China Petrochemical Corp. has had another executive swept up in what seems to be a relentless and widening array of corruption investigations at state-owned enterprises ordered by President Xi Jinping.
General Manager Wang Tianpu, the No. 2 official at Asia’s largest oil refiner, is suspected of violating state law and Communist Party discipline, the Central Commission for Discipline Inspection, the country’s top anti-graft agency, said in a statement Monday.
The company, known as Sinopec Group, “totally supports” the government’s decision and will focus on maintaining the stability of business operations, it said on its official Weibo microblog account.
“Nothing will change within the company,” Chairman Fu Chengyu said in an interview in Beijing on Tuesday. “We support the government’s long-term anti-corruption effort, not just cracking down on illegal acts but disciplinary wrongdoings as well.”
Wang is the highest-ranking Sinopec official to face investigation since Xi began his nationwide crackdown in 2012.
“The event demonstrates again the Chinese regulator’s strong intent to probe any ‘disciplinary violations’ by SOE management members, and the ultimate resolution of the investigations is expected to improve the visibility of overall business practices,” HSBC Securities Asia Ltd.’s Hong Kong-based analysts Thomas Hilboldt, Si Tingting and Zhang Hanyu wrote in a research note.
Wang on Monday resigned as vice chairman and non-executive director at the company’s publicly traded unit, China Petroleum & Chemical Corp., according to a Hong Kong stock exchange filing.
Sinopec dropped as much as 5 percent to HK$7.25. The shares traded 4.7 percent lower at HK$7.27 as of the noon trading break in Hong Kong, compared with a 0.1 percent decline in the city’s benchmark Hang Seng Index.
China has identified 26 state-owned enterprises as targets for graft inspections this year, after similar probes in 2014.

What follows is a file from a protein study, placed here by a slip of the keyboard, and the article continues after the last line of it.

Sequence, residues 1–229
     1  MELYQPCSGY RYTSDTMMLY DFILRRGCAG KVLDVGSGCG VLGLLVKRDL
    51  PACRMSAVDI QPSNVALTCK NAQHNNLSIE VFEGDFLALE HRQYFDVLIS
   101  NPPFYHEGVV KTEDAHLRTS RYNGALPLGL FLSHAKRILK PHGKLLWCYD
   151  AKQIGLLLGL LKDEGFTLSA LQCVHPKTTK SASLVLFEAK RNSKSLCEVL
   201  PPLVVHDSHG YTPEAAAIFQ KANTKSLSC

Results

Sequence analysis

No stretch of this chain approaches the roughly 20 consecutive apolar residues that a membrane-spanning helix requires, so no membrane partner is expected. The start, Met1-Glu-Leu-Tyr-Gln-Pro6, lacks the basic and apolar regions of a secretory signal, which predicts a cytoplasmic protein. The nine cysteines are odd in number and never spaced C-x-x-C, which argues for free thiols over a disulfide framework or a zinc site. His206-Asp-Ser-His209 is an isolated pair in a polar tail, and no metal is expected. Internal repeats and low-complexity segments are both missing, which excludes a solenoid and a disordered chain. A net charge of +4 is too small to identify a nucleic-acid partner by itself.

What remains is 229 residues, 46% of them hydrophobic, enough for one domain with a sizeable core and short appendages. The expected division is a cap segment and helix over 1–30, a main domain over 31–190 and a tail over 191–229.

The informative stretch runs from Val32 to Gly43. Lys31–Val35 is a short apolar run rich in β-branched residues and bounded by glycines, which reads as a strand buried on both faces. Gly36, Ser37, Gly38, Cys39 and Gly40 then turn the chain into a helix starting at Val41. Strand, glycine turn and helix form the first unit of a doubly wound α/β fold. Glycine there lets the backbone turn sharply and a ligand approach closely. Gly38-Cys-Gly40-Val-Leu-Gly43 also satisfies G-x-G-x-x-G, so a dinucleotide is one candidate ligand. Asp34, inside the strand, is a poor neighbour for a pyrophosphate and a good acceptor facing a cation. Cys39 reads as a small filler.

The nation’s biggest energy company, China National Petroleum Corp., and its listed arm, PetroChina Co., have lost more than a dozen senior officials to CCDI investigations.
The anti-graft agency doesn’t have formal power to arrest or press charges, but in practice is able to detain indefinitely and investigate any of China’s roughly 87 million Communist Party members.
That effectively includes every government official or executive at the state-owned enterprises that dominate China’s economy in finance, energy, transportation and other industries.
PetroChina; China National Offshore Oil Corp., the country’s biggest offshore oil and gas explorer; and State Grid Corp. of China were all on the list for investigations this year, according to a statement released in February.
Wang, a engineer with a doctorate, was made general manager in August 2011, according to the company’s website. As recently as April 16, he hosted South Korean oil officials at the company’s Beijing headquarters, according to a post on Sinopec’s website.
In previous investigations, Sinopec Group removed Xue Wandong, vice chairman and general manager of Sinopec Oilfield Services Corp. in December. That was within weeks of a CCDI team’s arrival at the company.
The company later confirmed the investigation of Xue and his removal on its official microblog on Dec. 3, following a report by the official Xinhua News Agency.
Corruption cases against Zhou Yongkang and Jiang Jiemin -- both former chairmen at China National Petroleum Corp. who rose to powerful positions in the Chinese government -- are among the biggest of Xi’s campaign.
Jiang, who most recently led the country’s state-owned assets overseer, pleaded guilty to accepting bribes and abuse of power at a one-day trial earlier this month.
The trial was one of several being held in the run-up to proceedings against Zhou, who, as a retired member of the party’s powerful Politburo Standing Committee, is the country’s highest-ranking official accused of corruption.